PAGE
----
The eurozone economy is set to shrink next year as high inflation and potential energy shortages drag down output and trigger a reversal in the fortunes of the labour market, according to a Financial Times poll of economists.
Almost 90 per cent of the 37 economists surveyed by the FT said they thought the single currency zone was already in recession and the majority forecast gross domestic product would contract over the whole of next year.
“Gas markets in Europe remain a key risk,” said Chiara Zangarelli, an economist at Morgan Stanley. “Additional supply disruptions, or a particularly cold winter, could lead to renewed tensions and prices rising again, forcing another round of adaptation and demand destruction.”
Most economists said they thought Europe was past the worst of its energy crisis, sparked by Russia’s invasion of Ukraine. A mild autumn allowed natural gas storage facilities to remain near to full capacity.
However, many fear the prospect of energy rationing could return next year, particularly if this winter is unusually cold, depleting supplies, or if gas flows from Russia are reduced further during 2023.
“The tail risk of gas rationing has likely been avoided for this winter, but the question of energy supply for the next winter is still open,” said Sylvain Broyer, chief economist for Europe Middle East and Africa at S&P Global Ratings.
European countries have managed to lower their dependence on Russian gas imports by turning to Norway, the US and the Middle East, along with switching to alternative energy sources. But economists warn that, without Russian supplies, it will be much harder to refill Europe’s crucial gas storage facilities ahead of next winter.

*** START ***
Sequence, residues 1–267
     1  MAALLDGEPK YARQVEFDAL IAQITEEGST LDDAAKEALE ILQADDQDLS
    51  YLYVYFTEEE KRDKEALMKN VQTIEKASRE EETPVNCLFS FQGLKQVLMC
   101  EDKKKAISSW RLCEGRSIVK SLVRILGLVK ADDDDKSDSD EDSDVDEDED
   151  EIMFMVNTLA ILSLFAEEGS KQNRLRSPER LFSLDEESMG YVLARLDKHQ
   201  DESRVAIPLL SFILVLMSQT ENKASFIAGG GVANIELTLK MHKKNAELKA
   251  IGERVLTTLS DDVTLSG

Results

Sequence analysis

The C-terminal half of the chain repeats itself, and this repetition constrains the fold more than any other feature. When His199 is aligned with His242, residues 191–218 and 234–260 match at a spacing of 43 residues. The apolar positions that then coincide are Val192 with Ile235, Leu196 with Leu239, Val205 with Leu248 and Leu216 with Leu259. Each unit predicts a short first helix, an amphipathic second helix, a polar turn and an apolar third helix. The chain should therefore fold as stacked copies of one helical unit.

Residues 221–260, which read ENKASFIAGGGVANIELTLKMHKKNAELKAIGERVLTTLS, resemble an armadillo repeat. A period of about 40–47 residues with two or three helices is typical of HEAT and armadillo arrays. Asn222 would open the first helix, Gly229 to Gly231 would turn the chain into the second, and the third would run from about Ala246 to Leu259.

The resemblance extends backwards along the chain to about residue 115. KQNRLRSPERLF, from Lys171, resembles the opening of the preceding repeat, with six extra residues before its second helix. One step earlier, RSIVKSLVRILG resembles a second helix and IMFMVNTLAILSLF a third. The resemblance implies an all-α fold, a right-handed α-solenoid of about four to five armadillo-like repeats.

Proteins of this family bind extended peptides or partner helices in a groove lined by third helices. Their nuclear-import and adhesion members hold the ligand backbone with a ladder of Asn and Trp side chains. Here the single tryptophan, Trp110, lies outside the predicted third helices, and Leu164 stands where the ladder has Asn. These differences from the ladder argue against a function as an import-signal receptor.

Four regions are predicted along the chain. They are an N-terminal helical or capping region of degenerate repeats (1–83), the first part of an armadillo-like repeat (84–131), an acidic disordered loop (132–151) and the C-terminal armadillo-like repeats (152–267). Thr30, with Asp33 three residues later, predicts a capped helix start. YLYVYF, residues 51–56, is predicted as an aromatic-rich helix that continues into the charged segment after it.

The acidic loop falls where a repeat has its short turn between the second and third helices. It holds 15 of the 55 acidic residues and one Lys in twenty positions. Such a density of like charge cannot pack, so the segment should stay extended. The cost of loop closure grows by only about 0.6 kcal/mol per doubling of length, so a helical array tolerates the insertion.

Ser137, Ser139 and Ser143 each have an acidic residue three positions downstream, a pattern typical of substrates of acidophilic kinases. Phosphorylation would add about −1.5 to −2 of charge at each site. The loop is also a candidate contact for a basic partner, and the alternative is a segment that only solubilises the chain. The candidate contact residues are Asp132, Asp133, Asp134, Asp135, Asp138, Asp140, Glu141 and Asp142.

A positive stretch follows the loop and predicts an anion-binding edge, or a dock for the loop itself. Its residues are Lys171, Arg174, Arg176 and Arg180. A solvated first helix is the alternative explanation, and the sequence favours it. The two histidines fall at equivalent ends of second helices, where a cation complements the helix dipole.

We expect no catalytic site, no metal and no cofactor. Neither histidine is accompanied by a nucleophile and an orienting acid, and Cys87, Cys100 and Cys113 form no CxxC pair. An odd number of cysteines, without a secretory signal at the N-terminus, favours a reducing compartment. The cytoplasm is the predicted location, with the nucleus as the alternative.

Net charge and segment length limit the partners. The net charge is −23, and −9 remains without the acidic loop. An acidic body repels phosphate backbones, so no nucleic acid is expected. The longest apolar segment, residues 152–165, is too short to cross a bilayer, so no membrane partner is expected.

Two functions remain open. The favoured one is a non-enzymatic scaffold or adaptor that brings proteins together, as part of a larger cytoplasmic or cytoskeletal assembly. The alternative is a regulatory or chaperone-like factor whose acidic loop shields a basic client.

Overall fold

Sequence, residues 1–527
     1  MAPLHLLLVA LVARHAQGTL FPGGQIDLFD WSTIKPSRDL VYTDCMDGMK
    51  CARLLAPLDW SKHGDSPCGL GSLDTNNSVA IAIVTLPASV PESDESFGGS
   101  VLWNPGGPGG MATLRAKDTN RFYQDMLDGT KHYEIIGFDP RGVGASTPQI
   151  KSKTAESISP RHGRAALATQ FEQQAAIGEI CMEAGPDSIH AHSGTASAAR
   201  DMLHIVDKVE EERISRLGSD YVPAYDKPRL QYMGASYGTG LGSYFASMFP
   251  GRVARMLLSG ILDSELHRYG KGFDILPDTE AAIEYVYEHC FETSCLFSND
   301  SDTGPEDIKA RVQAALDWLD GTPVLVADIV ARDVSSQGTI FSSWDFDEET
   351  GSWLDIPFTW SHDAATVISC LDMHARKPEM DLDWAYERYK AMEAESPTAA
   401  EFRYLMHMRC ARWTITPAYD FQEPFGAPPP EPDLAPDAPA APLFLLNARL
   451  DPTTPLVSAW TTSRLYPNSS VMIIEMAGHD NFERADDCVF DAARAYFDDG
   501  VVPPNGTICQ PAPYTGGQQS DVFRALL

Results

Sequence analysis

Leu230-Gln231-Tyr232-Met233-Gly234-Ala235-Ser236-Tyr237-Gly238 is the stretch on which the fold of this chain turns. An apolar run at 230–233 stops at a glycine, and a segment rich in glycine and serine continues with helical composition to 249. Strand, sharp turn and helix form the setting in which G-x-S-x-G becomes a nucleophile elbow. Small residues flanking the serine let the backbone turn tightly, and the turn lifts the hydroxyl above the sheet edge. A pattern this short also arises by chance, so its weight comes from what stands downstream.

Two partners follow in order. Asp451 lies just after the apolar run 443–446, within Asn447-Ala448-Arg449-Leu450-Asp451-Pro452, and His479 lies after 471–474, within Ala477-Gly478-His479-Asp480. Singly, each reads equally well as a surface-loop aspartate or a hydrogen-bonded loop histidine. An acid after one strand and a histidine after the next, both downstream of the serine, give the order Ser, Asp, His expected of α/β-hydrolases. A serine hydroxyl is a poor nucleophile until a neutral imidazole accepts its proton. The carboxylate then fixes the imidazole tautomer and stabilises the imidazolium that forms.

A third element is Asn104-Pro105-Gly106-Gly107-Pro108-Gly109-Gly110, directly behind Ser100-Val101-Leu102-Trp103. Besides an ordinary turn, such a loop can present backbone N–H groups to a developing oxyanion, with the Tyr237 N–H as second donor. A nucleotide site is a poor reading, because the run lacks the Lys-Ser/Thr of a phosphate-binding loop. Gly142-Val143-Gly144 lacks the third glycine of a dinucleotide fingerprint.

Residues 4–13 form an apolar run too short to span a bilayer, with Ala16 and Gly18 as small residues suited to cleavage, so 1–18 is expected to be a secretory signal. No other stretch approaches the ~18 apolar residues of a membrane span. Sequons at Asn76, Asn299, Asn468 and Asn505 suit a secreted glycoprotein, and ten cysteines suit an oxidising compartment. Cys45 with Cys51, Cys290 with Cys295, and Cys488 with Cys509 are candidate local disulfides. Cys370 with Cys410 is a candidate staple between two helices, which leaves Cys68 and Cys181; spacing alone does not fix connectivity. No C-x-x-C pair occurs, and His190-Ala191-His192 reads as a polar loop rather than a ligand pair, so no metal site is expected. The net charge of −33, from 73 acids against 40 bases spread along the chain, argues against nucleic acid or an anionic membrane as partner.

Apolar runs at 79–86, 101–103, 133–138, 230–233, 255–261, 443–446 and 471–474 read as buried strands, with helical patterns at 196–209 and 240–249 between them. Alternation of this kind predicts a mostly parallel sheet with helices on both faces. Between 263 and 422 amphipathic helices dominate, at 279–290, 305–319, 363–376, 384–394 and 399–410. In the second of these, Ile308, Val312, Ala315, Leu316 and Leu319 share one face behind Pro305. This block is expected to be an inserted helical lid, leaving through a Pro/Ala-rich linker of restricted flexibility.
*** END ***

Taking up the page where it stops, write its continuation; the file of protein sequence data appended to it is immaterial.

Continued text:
“Gas storage levels are dropping quickly now,” said Carsten Brzeski, head of macro research at ING Bank. “There is still the risk of an energy supply crisis this winter. Moreover, next winter will be even more challenging.”
The downturn in the economy, combined with significantly higher mortgage costs across Europe, was also expected to trigger a sharp reversal in the region’s housing market. The European Central Bank raised rates by 2.5 percentage points over the course of 2022 and is expected to increase borrowing costs further in 2023.
On average, economists forecast eurozone residential house prices would fall 4.7 per cent next year. Maria Demertzis, senior fellow at the Bruegel think-tank, said house prices “will not continue to increase if we are in a recession and interest rates increase”.
The economists polled by the FT forecast the eurozone economy would shrink by just under 0.01 per cent next year. That is more pessimistic than both the European Commission and the ECB, which predicted the bloc’s economy would grow by 0.3 per cent and 0.5 per cent next year respectively.
Marcello Messori, an economics professor at Luiss University in Rome, said further interest rate hikes by the ECB to counter the “excessive inflation” that was caused by the energy supply shock stemming from Russia’s invasion of Ukraine would “lead to a severe recession in the euro area”.
Inflation in the eurozone is expected to remain above the ECB’s 2 per cent target for at least two more years, according to the economists. On average, those polled expect prices to rise by just over 6 per cent next year and almost 2.7 per cent in 2024.
Those forecasts are lower than those of the ECB, which earlier this month predicted price growth would average 6.3 per cent next year and 3.4 per cent in 2024.
Wage growth is expected to be 4.4 per cent next year, according to the average prediction in the FT poll, which is below the 5.2 per cent forecast by the ECB.
On average, economists forecast unemployment would rise from a record eurozone low of 6.5 per cent in October to 7.1 per cent at the end of next year.